When I came to South America, I had no intention of visiting Brazil. I know it’s definitely a place worth seeing, but it’s so BIG and I had no clue where to start. They speak Portuguese there, for one thing, and I didn’t feel 100% comfortable visiting on my own, especially after my Dad warned me of other flight crews feeling unsafe in the cities.
Well, if you read my last post, you may have noticed I mentioned a Brazilian boyfriend. Not only is he Brazilian, he’s a Carioca, which means he’s a native of the one and only glorious city of Rio de Janeiro. Even the Chileans speak of Rio as if it’s the best place on Earth. Now I get to see for myself!
It’s amazing how things work out sometimes. 6 months ago I would have never seen this happening! Long distance relationships can be rough, but hey, now I get to visit yet another amazing place without having to worry about booking hostels or tours or anything like that. With his family living there, I have my own personal tour guide and host! I’m also planning a 2 week trip so I can really soak it all in.
The one downside to it all is that US citizens have to go through a heck of a process just for a tourist visa. It’s a bit pricey and there is a lot of documentation involved. I didn’t know exactly what I would need to do to get one, especially since I’m already out of the country, but I googled how to get a visa in Chile as a US citizen and stumbled upon this great website: santiagotourist.com
It spells out everything you need to do, even the process of visiting the consulate building located in Santiago. I followed this to the tee and it made my application process much less stressful. So…if you happen to be an American in Chile who wants to visit Brazil, check it out! The consulate will keep your passport for at least a week though, so plan enough time around that.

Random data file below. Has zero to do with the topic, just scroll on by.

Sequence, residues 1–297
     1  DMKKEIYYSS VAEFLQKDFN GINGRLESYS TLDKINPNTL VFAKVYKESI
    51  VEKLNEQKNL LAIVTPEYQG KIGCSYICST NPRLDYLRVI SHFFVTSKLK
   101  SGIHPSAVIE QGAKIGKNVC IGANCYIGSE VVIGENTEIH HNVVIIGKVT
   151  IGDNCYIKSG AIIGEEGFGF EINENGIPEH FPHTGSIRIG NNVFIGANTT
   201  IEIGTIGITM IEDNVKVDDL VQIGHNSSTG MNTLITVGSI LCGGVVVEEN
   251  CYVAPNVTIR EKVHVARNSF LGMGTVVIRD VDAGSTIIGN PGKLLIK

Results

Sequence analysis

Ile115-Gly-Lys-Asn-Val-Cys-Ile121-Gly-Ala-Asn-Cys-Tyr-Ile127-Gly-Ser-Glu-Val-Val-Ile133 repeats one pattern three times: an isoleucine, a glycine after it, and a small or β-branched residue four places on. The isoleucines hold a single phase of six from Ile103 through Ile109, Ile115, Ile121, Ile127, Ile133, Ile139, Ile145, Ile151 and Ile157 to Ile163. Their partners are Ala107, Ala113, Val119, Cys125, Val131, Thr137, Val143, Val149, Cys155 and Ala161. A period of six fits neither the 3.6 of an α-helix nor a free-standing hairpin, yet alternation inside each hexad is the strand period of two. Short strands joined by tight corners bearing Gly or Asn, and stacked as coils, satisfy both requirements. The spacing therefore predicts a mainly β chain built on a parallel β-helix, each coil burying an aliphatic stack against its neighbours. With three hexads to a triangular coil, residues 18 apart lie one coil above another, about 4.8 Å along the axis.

Following these steps means I had to take passport photos and visit a consulate where they only speak Portuguese and Spanish. I looked up some places where I could get passport photos taken on the US Embassy website, and this led to me wandering around a mall in the city. I had to ask for directions, and the ladies behind the information desk gave me a long stare before answering my question. In these moments I always doubt my Spanish ability and truly feel the fool. It’s one of the humbling lessons about living abroad!
After getting the directions, I found a small photo stand, told the guy I needed some passport photos, and then I didn’t understand anything he said! This happens quite often in Chile, even with the progress I’m making. The accent, the slang, the phrases…they all play a part. We got it all squared away in no time, thankfully, and let me just say, taking passport photos down here is significantly cheaper than in the states! I remember paying about $10 USD in Texas, whereas here it was only a couple lucas (Chilean word for 1,000 pesos). That’s the equivalent of roughly $3 USD!
Visiting the Consulate was a new experience, but I really got lucky with the guy who attended me. He was nice and patient, and because I had all the documents ready (thank you website!), we didn’t need to discuss many issues. Part of this process involves making a cash deposit into an account belonging to the consulate at the nearest bank. I haven’t necessarily made too many cash deposits at banks in the states, but in Chile it’s fairly easy! I do it for my rent payment every month. The only bad part is waiting in line.
So now, I have a tourist visa for Brazil! Once I had it in my hands I was ecstatic! I don’t know why I thought there might be some sort of complication, but the process ended up being very smooth. I can visit Brazil for the next 10 years with this visa, and hey…aren’t the next Olympics in Rio? Hm…I think I know some people there I could stay with…